It takes about nine months until the manuscript goes off to my agent and editor for comments. My natural way of working is not to plan much, though I probably do more now than when I started out. I find I can only plan so far and then I have to write and see what fresh ideas emerge in the process. 

6. What do you do when you aren’t writing? What do you do to relax and get away from it all?  

I love to read, to garden, to go walking in the hills. And holidays when I can manage them – in hot, sunny, seaside places.

7. If you could only read one book for the rest of your life which book would it be? 

That prospect fills me with despair. It would be awful. I rarely ever re-read books, I’m too busy reading all the new ones. How can I answer this? I suppose I’d pick something I’m not very familiar with, and something very, very long, maybe Shakespeare’s Collected Works?

8. I like to end my Q&A’s with the same question so here we go. During all the Q&As and interviews you have done what question have you not been asked that you wish had been asked – and what’s the answer?

Q. What reactions from readers have pleased you the most?

A. When people say they’ve been moved to tears.

About the author:

Cath Staincliffe is an award winning novelist, radio playwright and creator of ITV’s hit series Blue Murder. Her books have been shortlisted for the CWA’s Best First Novel award and for the Dagger in the Library and she won the Short Story Dagger in 2012. In 2014 her novel Letters To My Daughter’s Killer was shortlisted for the ITV3 Crime Thriller Book Club. Cath is also the author of the Scott and Bailey novels based on the popular ITV series. She lives in Manchester with her family and is available for interview. For more see: or follow on Twitter @CathStaincliffe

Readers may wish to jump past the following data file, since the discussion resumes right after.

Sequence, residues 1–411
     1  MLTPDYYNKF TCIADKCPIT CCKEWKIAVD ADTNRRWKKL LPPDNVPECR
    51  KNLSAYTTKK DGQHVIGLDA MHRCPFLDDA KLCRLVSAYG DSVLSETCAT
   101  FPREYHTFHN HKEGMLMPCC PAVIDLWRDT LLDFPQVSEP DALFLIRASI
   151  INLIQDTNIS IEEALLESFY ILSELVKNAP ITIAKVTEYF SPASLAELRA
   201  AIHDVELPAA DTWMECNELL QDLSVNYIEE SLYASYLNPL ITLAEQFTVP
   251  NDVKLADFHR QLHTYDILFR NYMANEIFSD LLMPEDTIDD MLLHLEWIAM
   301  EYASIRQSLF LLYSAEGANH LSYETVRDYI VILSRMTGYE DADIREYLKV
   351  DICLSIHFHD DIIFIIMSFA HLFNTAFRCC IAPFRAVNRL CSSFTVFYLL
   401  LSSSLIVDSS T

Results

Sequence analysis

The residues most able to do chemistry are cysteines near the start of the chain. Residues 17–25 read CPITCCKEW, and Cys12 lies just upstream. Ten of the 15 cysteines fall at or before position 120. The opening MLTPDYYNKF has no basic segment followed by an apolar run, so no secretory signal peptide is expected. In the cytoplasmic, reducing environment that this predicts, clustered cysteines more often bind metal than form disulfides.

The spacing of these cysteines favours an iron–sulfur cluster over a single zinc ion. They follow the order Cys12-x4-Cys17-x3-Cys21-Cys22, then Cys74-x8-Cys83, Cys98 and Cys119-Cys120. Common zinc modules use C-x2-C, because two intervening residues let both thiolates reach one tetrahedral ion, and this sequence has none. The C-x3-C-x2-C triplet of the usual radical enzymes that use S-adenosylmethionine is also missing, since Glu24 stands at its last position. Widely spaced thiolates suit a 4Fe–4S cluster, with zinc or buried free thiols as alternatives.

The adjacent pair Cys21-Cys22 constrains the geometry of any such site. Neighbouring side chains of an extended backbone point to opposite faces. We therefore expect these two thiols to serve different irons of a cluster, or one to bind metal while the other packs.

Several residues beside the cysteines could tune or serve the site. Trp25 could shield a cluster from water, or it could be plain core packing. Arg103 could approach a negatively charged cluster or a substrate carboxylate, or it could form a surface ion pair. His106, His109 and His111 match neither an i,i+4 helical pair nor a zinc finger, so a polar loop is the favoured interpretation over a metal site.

About the book:


“‘It’s always exciting to see a writer get better and better’ – Val McDermid

‘Staincliffe brilliantly juxtaposes domestic detail with an increasingly desperate investigation into dreadful crime’ – Sunday Times

Passengers boarding the 10.35 train from Manchester Piccadilly to London Euston are bound for work, assignations, reunions, holidays or new starts, with no idea that their journey is about to be brutally curtailed.

Holly has just landed her dream job, which should make life a lot easier than it has been, and Jeff is heading for his first ever work interview after months of unemployment. They end up sitting next to each other. Onboard customer service assistant, Naz, dreams of better things as he collects rubbish from the passengers. And among the others travelling are Nick with his young family who are driving him crazy; pensioner Meg and her partner setting off on a walking holiday and facing an uncertain future; Caroline, run ragged by the competing demands of her stroppy teenage children and her demented mother; and Rhona, unhappy at work and desperate to get home to her small daughter. And in the middle of the carriage sits Saheel, carrying a deadly rucksack . . .”